In phase II, a formation of dynamic cluster architecture takes place. Once the event is located, all the nodes that detect the event will be input to the cluster formation algorithm. At the end, the algorithm will choose a specific sensor node as the cluster head (ideally the one with the minimum weight cost) while nodes within the range of the cluster head will be designated as member nodes. In this process, any node that has detected the event sets its role to cluster head and calculates its weight as stated in Steps  1.1 and 1.2 in Algorithm 2. Then, all event nodes propagate their information by Cluster Configuration Message (CCM) (Step  1.3, Algorithm 2), where CCM also constitutes quantities (Node-ID, Type, HtT, HtS, and Status). Cluster head is selected considering the final weight function (4) and minimum weight node will be assigned as the cluster head (Step  3, Algorithm 2). Finally, the decision is broadcasted to the all member nodes. The member nodes then remember their cluster head and all the events detection reports are sent directly to the cluster head. In the case of two or more concurrent nodes having the same weight, the node with the lowest ID is considered eligible, as shown in Step  3.2, Algorithm 2.

Every cluster head is liable to collect information from the member nodes and forward the aggregated data towards sink. Figure 3 shows an example of cluster formation.

Algorithm 2. Event-driven cluster formation and cluster head election.Input.     // is the set of nodes that detects the event.Output.     //A node of the set is elected as a cluster head.Step  1. Foreach doStep  1.1. ;Step  1.2. ;//Each node calculate its weight .Step  1.3. Node broadcast (CCM);//Each node after create CCM broadcast it to its one hop neighbors.Step  1.4. End.Step  2.” is the set of nodes in a network that received CCM and detects the event.Step  3. Foreach Step  3.1. If thenStep  3.1.1. ;Step  3.1.2. Node retransmits the CCM received from ;Step  3.2. ElseIf thenStep  3.2.1. ;Step  3.2.2. Node retransmits the CCM received from ;Step  3.3. Else Node discards the CCM received from ;Step  4. End.

3.2.3. Phase III. Route Establishment in Consideration of Nodes Weight

In phase III, a group of cluster heads which were established during phase II is considered as input and the new route to transfer the event data will be the outcome of this process. In this phase, routing tree formation is based on the saved weights in neighbor table which was created during Phase I. Each node will be well aware of all its neighbors, the possible parent nodes within its radio range, number of hops required to approach sink or former routing path, remaining energy of those nodes, and obtainable buffer memory. This implies that each node can use the information in neighbors table to send the data packet to the sink node.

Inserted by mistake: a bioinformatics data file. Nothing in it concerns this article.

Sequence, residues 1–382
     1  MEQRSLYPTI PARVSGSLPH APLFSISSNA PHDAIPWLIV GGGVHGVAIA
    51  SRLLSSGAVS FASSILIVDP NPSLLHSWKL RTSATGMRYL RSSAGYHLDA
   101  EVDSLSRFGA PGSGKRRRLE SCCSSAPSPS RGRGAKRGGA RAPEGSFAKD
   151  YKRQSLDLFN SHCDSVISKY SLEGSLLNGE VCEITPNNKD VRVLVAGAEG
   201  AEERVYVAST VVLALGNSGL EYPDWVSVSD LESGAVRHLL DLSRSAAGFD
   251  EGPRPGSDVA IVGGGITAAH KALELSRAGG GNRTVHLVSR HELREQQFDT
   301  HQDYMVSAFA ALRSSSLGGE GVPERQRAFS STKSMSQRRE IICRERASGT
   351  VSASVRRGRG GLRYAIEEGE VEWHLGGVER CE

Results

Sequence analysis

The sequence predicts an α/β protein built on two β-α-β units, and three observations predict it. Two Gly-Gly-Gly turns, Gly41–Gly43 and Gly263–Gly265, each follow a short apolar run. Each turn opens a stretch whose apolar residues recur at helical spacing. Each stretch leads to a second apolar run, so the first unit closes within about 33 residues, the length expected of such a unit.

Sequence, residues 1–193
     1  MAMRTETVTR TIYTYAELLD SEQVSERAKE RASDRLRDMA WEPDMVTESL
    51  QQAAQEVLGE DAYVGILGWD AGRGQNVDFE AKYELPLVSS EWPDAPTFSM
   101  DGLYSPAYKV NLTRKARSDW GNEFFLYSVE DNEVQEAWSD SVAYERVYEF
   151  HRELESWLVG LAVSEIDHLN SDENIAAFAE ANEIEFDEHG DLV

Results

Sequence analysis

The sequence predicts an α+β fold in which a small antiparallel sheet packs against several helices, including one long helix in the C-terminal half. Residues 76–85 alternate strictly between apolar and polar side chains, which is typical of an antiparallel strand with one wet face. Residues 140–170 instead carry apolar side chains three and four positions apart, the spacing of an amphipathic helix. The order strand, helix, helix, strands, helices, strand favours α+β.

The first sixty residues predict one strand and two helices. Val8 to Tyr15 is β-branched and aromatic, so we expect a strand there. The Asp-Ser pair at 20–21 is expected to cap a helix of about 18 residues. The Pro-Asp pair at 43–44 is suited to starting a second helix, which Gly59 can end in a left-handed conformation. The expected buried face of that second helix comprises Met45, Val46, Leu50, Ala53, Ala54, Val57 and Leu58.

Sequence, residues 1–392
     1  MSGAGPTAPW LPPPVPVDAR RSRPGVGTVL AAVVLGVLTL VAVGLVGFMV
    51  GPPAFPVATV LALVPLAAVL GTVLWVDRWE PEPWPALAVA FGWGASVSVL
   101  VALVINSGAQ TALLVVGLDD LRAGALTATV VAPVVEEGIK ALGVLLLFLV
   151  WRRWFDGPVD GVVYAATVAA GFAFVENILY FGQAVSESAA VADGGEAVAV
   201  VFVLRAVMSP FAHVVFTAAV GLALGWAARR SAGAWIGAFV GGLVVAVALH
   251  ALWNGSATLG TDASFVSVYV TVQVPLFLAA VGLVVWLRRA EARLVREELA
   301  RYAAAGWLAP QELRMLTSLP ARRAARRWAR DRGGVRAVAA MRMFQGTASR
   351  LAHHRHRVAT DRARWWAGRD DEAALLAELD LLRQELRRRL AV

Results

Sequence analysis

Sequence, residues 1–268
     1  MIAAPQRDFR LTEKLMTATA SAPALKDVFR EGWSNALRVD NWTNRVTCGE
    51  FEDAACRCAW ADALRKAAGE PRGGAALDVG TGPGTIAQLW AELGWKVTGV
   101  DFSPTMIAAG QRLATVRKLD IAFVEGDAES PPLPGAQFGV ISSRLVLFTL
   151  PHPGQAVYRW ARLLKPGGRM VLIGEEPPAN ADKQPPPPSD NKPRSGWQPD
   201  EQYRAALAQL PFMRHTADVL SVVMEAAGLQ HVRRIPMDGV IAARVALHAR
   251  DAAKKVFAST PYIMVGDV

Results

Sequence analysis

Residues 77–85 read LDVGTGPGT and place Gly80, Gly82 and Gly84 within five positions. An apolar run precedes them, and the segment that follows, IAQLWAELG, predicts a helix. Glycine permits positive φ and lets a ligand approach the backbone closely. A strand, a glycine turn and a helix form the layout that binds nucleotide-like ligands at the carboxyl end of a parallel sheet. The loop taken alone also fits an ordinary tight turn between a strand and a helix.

In the first step of this process, the cluster head is now responsible for routing tree formation and routing packets of the new event towards the sink (Step  1, Algorithm 3). The cluster head will check if its HtT is zero and this means it is apart from the backbone of the hop-tree, so creating a fresh route as hop-trees’ new backbone is not required (Step  2, Algorithm 3).

In order to acquire even energy dissipation and avoid congestion delay which is caused by data collisions, the WDARS scheme keeps track of the remaining energy level and accessible buffer memory of the nodes in the backbone, which if it gets larger than the set weight limit, the new routing path formation is initiated, as shown in Step  3, Algorithm 3. During the reformation process, the neighbor node that relatively has less HtT and HtS, higher energy level, and available buffer memory in comparison to other candidates is chosen as the alternative next hope. Also in the reformation of routing path process, the weight-threshold level for () in every node is slightly increased if no suitable node can be found.

The cluster head starts to create a route establishment message (REM) and sends the REM to its next hop as shown in Step  4, Algorithm 3. If a route establishment message is received by the next hop node, it will retransmit and initiate the process of updating the hop-tree (Steps  5 and 6, Algorithm 3). The repetition of these steps occurs until the sink is approached or a node that took part in a formerly constructed route is discovered. The creation of routes occurs by selecting the best neighbor at every hop.

The updating of hop-tree is required so that all source nodes can be connected via shortest paths, data aggregation can be maximized, and energy dissipation can be balanced as events befall in succession. In the proposed scheme, HtT, HtS, ER, and AB values are updated at each node to fulfill these objectives. Correlation among data is of great concern in data aggregation and hence higher degree of correlation generates better results. Spatial distance between nodes determines the spatial correlation of sensed data by nodes. So, if the two events are closer, the sensed data is highly correlated whereas when the events are far apart the sensed data exhibits lowers degree of correlation. Usually, efficient data aggregation could not be performed for events that are far apart. In WDARS, the purpose of using varied weights especially for HtT and HtS in route establishment is to achieve the ideal point for path overlapping for different events. When events are close, the data path will overlap as early as possible at the nearest ideal point for aggregating event’s data. In contrast, when the events are far apart the data routes overlapping will occur at the point where the shortest path will be selected to reach the destination and avoid transferring the data over the long tracks.